Saturday, December 20, 2008

publishing: permaculture vs. slash-and-burn

I've been having follow-up thoughts to our creative co-op. (If you don't know what I'm talking about please read this post.)

I've been thinking about what's wrong with publishing. It seems pretty clear that one of the biggest particular problems is the sale-or-return model on shipped books. (For some thoughts on the subject, see Richard Curtis's familiar essay. See also the HarperStudio blog, The 26th Story; I particularly like this interview with Dan Menaker. I'm sure there are better ones out there but today I don't have time to ferret them out. If you do, or have them handily bookmarked, please let me know and I'll add the links.)

Behind this practise, first promulgated during the Depression, lies the notion of the world and its resources as inexhaustible: The books don't sell? No worries. Just strip the covers and throw them away. Wood pulp is cheap. Story is cheap. The world is an expanding frontier: use up a patch, then move on. In other words, modern (I use the word loosely) publishing is built on a slash-and-burn mentality. We need to move to something sustainable, a publishing permaculture.

I am, of course, talking about much more than simply physical ecology.

Warning: I am about to use the A word.

It's not fashionable to admit this (oh, well) but for me, a novel--published in letterpress limited edition, spat out by POD, or snatched from the air by Whispernet--is Art. A novel is art when it is beautiful, appealing, of more than ordinary substance and cultural longevity, when it speaks to us across time. Perhaps it helps shape or at least articulate our culture. A novel, to me, is not disposable. It is lasting. The notion of disposable fiction, disposable in the what-it-means-to-us sense, of instant books, is foolish, dangerous, and unsustainable. Instant agriculture leads to bankruptcy of the soil; instant books leads to bankruptcy of culture.

Now that I've finally worked that out (these things take me a while but I can, as they say, see through a brick wall in time), I have some notions about our creative co-op.

It seems fairly clear that most co-opites want a book from the hand of more than one author, a collaborative effort--some have suggested a collection, or anthology of some kind. On the other hand, I don't think many of us would argue that novels sell better than short stories. It seems like an impasse. But what happens if we look at the notion of 'novel' and try to figure out what it is about that kind of book that sells. I think it's the long, coherent story arc with sympathetic characters, a world to get lost in, told in chapters. I don't think the chapters have to necessarily be created by the same hand, or even in the same medium.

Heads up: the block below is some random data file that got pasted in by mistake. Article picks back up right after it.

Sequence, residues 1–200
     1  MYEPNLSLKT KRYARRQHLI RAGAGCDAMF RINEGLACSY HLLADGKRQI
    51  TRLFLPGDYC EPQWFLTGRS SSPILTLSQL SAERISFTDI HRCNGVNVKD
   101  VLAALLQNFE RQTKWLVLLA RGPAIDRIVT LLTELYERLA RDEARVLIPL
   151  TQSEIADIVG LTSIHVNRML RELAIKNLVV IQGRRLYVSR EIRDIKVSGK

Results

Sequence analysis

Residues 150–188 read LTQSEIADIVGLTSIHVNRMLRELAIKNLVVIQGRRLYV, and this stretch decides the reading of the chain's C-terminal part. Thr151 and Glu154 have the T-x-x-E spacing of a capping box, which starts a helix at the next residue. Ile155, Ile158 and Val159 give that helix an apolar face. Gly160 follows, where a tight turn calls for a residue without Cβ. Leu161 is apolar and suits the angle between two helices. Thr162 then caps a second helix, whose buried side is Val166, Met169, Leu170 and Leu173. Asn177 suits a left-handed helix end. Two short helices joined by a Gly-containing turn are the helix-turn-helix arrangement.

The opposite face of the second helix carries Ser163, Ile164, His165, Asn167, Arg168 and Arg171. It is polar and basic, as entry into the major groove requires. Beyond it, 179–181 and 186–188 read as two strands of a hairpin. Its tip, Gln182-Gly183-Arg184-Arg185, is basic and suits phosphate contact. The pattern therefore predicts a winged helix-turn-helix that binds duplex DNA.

So what if we took a time-honoured story, a magnificient tale, like the Iliad (which itself was probably created by several people) and remade it? Someone would have to be the director of the project. S/he would lay out the story arc and divide into a number of chapters. (TBD--perhaps 24, the customary number of Books in the original.) Each chapter would then be assigned to a novelist, or screenwriter, or cartoonist, or photographer, or poet, or short story writer, or lyricist, who would then write her or his chunk of the tale in his or her preferred format. Each chapter could be illustrated further by paintings and/or photography and/or short poems in the margins. We could have further chapters set in the Iliad metaverse available on the web: music, animated short film, Twitter feeds, whatever. Every month we could release a chapter free on the web and ask readers/listeners/viewers to guess who wrote/draw/composed it. We would get a dozen viewpoints on an integrated, proven, thrilling story. And because so many others have tried their hand at this tale before (I love Christopher Logue's All Day Permanent Red; I delighted in Brad Pitt epitomising the rage of Achilles in Troy; my guess is there's a ton of musical retellings out there, too), the opportunities for mashup vids would be almost endless.

Is any of this practical? I don't know. Can we do it anyway? That's up to us.

(I'll be posting the relevant chunk of this in the comments section of the deadline post in order to keep all the ideas in one place. So if you have ideas for the coop--and I really hope you do--please post them there.)

p.s. For those who like statistics, this post is my 300th post on this blog

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